Disclaimer: I received a copy of this book via Goodreads giveaway program from the publisher.
I have Nick Trout's first book on my TBR list, though I h...moreDisclaimer: I received a copy of this book via Goodreads giveaway program from the publisher.
I have Nick Trout's first book on my TBR list, though I haven't read it yet. This is his third memoir, focusing on how the pets of his family influenced not only his career decision to become a veterinarian, but how his relationships with the animals, and his observations of others' (especially his father) informed his philosophy of animal-human interaction and relationships. This book made me really reflect on my own connection to my pets. A really well-written, engaging book that is both bittersweet as animals leave Trout's life, but also hopeful as it explores all that or pets add to our lives.(less)
Disclaimer: I received a copy of this book via Goodreads giveaway program from the author.
I started reading it as soon as I got home and saw it in the...moreDisclaimer: I received a copy of this book via Goodreads giveaway program from the author.
I started reading it as soon as I got home and saw it in the mail, and finished it a little over two hours later. Overall, I really liked the book. It was quirky, a bit gut-wrenching, disturbing, and hopeful all at the same time. Why the 3 stars then? Because I can't get over the title. It's an interesting title, a unique title, a title that is sure to make someone do a double take. Unfortunately, it's also, in my opinion, a horrible title for this book as it completely gives the wrong impression about what the book is about. This was not a memoir of a Catholic girl writing about weird questions she had to deal with. It was a memoir of a girl, who just happened to be Catholic (though religion isn't a big part of this book at all), writing about growing up with an extremely abusive and horrendous father and moving past that.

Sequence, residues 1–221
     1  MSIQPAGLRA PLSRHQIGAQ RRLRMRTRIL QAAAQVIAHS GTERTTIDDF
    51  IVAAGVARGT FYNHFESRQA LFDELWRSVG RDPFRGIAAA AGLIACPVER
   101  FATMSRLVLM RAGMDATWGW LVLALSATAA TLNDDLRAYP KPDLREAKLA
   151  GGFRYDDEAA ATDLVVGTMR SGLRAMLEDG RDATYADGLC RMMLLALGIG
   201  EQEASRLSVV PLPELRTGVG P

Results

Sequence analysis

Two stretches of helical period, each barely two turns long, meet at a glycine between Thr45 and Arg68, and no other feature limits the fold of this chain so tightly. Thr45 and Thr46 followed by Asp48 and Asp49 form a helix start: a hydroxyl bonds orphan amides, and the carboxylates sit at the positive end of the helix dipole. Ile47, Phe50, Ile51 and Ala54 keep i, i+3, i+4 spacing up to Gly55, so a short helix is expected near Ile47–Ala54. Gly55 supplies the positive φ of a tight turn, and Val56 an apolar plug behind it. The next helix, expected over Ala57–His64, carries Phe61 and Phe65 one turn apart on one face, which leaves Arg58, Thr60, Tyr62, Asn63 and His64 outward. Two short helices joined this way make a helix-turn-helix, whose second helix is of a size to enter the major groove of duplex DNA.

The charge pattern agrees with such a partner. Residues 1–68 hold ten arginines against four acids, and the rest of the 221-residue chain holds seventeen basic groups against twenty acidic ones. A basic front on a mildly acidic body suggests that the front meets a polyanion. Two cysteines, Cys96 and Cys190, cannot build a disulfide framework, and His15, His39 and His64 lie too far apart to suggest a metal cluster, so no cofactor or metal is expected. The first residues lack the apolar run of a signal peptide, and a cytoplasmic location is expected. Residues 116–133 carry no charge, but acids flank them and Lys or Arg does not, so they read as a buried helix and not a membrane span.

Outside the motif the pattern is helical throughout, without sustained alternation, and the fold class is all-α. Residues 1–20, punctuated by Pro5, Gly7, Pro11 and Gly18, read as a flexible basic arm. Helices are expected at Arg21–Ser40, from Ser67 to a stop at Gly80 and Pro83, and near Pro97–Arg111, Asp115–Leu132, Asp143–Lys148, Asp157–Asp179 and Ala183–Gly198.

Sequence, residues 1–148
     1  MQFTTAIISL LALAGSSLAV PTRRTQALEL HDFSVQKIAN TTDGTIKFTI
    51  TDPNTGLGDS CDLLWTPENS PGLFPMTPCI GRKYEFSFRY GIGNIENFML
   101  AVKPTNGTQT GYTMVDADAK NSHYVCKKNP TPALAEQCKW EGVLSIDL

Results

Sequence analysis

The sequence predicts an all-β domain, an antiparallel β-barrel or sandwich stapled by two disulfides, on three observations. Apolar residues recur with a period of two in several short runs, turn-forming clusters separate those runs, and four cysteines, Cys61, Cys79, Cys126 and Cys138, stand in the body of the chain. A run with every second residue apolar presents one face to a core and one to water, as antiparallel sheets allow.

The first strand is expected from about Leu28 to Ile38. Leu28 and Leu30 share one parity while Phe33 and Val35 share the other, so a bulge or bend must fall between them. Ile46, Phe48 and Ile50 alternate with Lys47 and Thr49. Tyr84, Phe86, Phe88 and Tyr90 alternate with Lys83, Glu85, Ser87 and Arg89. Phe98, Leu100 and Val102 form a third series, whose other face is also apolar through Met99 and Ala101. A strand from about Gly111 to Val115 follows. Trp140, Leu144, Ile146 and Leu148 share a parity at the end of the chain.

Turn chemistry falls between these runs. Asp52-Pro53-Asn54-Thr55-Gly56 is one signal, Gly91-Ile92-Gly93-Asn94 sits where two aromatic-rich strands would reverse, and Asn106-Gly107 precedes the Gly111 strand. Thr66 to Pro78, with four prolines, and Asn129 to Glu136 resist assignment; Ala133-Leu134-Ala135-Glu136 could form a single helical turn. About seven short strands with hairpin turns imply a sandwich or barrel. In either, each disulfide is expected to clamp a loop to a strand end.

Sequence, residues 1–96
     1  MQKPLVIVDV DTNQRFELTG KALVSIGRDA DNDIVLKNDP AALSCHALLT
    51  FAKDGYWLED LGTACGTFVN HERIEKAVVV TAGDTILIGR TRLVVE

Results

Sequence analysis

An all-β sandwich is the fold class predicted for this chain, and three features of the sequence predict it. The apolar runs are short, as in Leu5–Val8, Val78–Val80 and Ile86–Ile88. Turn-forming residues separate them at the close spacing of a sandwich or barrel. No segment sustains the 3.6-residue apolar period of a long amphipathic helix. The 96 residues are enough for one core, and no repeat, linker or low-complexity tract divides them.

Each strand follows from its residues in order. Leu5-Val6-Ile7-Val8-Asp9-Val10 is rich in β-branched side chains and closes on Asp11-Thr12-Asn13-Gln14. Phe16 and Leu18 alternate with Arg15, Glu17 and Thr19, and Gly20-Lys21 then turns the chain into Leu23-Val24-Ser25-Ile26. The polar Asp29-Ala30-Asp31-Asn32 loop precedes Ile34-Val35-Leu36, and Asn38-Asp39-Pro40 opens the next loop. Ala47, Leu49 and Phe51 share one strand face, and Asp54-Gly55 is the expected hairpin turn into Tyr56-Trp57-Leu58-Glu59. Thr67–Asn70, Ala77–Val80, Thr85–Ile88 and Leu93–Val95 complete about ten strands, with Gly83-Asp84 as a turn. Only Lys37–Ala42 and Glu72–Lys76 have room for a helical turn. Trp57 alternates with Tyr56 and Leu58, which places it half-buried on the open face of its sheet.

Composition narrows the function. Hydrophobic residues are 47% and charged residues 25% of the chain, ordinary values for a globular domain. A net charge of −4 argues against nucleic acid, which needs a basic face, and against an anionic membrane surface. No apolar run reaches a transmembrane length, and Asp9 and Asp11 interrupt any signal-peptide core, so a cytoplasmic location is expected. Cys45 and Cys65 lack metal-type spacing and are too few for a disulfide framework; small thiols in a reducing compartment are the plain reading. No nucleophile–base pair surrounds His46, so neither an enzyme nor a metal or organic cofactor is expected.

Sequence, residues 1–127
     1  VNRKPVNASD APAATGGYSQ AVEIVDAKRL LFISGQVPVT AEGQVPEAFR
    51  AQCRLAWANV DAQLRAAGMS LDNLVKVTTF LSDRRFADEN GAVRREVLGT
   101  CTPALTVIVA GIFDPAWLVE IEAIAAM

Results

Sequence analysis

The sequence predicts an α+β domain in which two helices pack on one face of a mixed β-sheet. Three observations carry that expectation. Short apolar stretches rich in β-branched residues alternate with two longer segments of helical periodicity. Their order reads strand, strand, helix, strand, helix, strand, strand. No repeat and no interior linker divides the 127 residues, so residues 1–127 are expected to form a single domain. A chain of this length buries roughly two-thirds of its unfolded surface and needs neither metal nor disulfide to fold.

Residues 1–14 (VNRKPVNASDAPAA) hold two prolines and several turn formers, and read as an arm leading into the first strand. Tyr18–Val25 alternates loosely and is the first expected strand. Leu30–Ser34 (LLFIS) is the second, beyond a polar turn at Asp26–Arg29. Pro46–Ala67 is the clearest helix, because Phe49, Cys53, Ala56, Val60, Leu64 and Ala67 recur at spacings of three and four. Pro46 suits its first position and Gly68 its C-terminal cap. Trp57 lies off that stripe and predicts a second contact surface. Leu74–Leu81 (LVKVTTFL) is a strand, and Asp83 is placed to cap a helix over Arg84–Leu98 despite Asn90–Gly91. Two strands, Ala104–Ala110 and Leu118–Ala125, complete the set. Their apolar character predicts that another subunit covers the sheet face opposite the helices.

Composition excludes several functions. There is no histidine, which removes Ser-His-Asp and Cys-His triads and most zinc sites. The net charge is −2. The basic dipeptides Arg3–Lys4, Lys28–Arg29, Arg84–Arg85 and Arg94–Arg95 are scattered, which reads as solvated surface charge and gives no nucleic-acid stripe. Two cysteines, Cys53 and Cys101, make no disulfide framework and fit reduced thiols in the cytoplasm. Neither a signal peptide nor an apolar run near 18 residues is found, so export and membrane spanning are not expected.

Simas tells a compelling story. I was a little thrown at first by the episodic nature of the book, but it becomes clear just why she chose that structure at the very last few pages of the book. She writes about some truly traumatic and horrific experiences defiantly, catharticly, and with a bit of tongue-in-cheek humor I admired. I don't know if I could have survived in her family and emerged half-way functioning.(less)
The problem with finding a new author you love who happens to be deceased is that you know he or she won't be producing any more books for you to read...moreThe problem with finding a new author you love who happens to be deceased is that you know he or she won't be producing any more books for you to read. The problem if that author is Helene Hanff is that she only wrote five memoir books, and another book that collects the transcripts of some radio program she did. Totally unfair, I say. I only discovered Hanff a few weeks ago and have already sped through three of her six books, and it makes me sad to think there are only three more left to go.
This was a delight. Hanff really brought to life what being an out-of-worked, unknown, starving playwright in the 40s and 50s was like. I know that I wouldn't have lasted a month in that life, but she made it sound so fun that I was half tempted to give it a try myself.(less)